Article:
Therefore, when lifting heavy weights, this is the tendon that tears or pulls away from its insertion.

insertion of the pectoralis major anterior surface of the arm, and retraction of the clavicular head leads to a hollow that is medial to the anterior deltoid.

The problem with this injury is that doctors often misdiagnose it. This mistake is unfortunately common but is understandable because during the posttraumatic examination the injured party is able to perform all the movements that indicate full motor function of the pectoralis major. Therefore, the injury appears to be a simple muscle tear rather than the more serious tear of the tendinous insertion.

For example, despite a tear of the clavicular head of the pectoralis major, anterior elevation of the arm, which is part of its function, is compensated for by the anterior deltoid. And abduction is performed by the sternal and abdominal heads of the pectoralis major. If the tendon of the clavicular head of the pectoralis major is torn, it must be surgically reinserted onto the humerus as soon as possible. If this is not done promptly, retraction and fibrosis of the muscle occurs, and the operation will no longer be possible.

Although you can move your arm through its full range of motion without the superior head of the pectoralis major, you will never recover your initial strength and will be at a serious disadvantage if you want to continue heavy weight training.

Pectorals Parts

PART OF THE PECTORALS MAINLY USED

Pronator .teres

Subscapulars

Serrate interior

Anterior deltoid

Pectoralis major

Coracobrachialls

Latisslmus dorsi

Flexor digitorum supsrficialls t—- Raimarls longus

•I Flexor .carpi | ulnaris t\ Extensor » carpi ulnaris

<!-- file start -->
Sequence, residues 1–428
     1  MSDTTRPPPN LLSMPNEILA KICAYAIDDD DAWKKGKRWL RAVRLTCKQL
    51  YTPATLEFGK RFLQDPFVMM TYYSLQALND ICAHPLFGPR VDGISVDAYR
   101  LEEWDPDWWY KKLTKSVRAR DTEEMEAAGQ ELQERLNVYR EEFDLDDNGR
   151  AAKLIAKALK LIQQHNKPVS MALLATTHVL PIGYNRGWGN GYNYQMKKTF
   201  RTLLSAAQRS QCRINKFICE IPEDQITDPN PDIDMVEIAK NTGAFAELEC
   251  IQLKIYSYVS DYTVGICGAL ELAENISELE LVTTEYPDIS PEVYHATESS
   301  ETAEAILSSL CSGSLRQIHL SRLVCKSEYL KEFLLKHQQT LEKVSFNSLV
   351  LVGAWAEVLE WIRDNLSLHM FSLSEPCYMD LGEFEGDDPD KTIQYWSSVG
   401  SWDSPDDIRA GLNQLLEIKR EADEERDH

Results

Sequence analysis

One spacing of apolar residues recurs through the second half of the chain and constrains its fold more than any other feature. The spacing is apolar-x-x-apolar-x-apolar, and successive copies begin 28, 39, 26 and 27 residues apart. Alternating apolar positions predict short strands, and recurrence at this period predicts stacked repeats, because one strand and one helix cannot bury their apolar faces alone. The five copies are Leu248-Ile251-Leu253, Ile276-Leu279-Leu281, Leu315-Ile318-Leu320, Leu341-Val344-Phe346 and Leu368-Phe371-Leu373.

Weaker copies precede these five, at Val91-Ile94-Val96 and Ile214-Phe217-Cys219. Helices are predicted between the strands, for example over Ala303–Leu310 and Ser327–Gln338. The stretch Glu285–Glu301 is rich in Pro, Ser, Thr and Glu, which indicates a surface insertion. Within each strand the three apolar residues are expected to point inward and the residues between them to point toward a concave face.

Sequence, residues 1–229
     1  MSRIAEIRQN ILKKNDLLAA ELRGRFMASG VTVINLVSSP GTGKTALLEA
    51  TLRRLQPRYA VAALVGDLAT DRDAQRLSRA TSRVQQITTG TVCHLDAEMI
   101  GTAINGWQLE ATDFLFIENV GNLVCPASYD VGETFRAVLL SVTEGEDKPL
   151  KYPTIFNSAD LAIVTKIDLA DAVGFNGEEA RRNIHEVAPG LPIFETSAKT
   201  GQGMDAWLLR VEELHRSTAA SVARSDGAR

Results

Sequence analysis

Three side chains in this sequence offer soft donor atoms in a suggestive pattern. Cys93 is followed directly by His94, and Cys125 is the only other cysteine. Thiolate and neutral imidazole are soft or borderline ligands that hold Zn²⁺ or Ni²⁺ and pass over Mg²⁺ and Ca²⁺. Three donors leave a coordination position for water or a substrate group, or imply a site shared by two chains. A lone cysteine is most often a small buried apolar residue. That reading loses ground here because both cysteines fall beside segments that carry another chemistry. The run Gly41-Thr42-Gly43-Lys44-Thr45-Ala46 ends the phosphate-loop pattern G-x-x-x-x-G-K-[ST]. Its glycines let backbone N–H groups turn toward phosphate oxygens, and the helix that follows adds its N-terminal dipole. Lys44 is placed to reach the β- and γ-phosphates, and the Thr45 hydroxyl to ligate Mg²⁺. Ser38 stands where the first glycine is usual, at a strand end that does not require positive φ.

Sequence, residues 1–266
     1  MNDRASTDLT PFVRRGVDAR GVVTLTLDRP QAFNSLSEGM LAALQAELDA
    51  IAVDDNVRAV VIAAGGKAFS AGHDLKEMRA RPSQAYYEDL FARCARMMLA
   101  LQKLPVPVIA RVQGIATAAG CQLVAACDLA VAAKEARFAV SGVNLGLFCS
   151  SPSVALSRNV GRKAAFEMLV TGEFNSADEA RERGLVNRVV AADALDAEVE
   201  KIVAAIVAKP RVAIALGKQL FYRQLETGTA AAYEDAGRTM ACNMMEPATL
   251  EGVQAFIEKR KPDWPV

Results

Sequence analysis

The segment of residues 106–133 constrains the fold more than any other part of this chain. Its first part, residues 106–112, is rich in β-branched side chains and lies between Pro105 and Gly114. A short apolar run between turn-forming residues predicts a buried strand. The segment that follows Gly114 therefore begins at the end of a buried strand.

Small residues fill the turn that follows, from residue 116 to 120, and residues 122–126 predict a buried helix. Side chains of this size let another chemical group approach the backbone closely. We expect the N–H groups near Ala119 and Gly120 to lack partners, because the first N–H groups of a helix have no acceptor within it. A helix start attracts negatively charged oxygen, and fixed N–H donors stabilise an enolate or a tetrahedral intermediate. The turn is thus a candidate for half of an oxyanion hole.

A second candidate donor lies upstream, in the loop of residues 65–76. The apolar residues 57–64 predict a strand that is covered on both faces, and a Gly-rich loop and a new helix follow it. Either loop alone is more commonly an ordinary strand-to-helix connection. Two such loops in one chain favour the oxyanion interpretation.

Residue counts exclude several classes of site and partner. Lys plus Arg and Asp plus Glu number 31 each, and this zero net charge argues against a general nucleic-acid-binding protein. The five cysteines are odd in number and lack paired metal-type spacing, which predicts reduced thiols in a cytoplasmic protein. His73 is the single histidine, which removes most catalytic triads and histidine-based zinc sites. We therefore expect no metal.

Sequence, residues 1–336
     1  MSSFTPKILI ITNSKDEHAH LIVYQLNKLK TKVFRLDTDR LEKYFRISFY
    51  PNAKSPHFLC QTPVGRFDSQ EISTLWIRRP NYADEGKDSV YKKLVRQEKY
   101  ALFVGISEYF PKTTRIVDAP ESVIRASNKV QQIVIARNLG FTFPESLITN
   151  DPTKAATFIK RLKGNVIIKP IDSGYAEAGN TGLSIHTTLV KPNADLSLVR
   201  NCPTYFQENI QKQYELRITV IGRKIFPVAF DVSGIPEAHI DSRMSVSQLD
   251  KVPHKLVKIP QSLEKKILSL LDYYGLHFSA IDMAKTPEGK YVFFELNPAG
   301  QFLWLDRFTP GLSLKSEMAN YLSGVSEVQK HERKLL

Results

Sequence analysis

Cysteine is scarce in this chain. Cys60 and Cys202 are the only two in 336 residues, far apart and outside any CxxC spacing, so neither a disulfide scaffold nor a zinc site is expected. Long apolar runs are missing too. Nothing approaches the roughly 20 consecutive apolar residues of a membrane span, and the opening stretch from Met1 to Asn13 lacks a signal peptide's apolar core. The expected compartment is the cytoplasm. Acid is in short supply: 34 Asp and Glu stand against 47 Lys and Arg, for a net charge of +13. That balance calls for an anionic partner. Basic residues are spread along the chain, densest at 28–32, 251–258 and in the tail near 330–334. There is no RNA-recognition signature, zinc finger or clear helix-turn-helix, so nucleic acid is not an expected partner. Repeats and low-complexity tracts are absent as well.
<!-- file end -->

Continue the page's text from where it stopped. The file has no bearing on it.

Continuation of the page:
\ Flexor X^srpi rgtjialis

Anconeus

Medial head Long head

Triceps brachii

Lie faceup on a horizontal bench, with buttocks on the bench and feet flat on the ground:

• Grasp the barbell with an overhand grip wider than shoulder width.

• Inhale and lower the bar to the chest with a controlled movement.

• Extend the arms and exhale at the end of the effort.

This exercise engages the complete pectoralis major muscle, pectoralis minor, anterior deltoid, serratus anterior, and coracobrachialis.

Variations

1. This movement may be performed while arching the back power-lifter style. This position brings the more powerful lower part of the pectoral muscle into play, allowing you to lift heavier weights.

2. Executing the extension with the elbows next to the body concentrates the work onto the anterior deltoid.

3. Varying the width of the hands isolates different parts of the muscle:

• Hands closer together isolates the central part of the pectorals.

• Hands wider apart Isolates the lateral part of the pectorals.

4. Varying the angle of the barbell isolates different parts of the muscle:

• Lowering the bar to the chondrocostal border of the rib cage isolates the lower part of the pectorals. 8 Lowering the barbell onto the middle part of the pectorals isolates the midline fibers.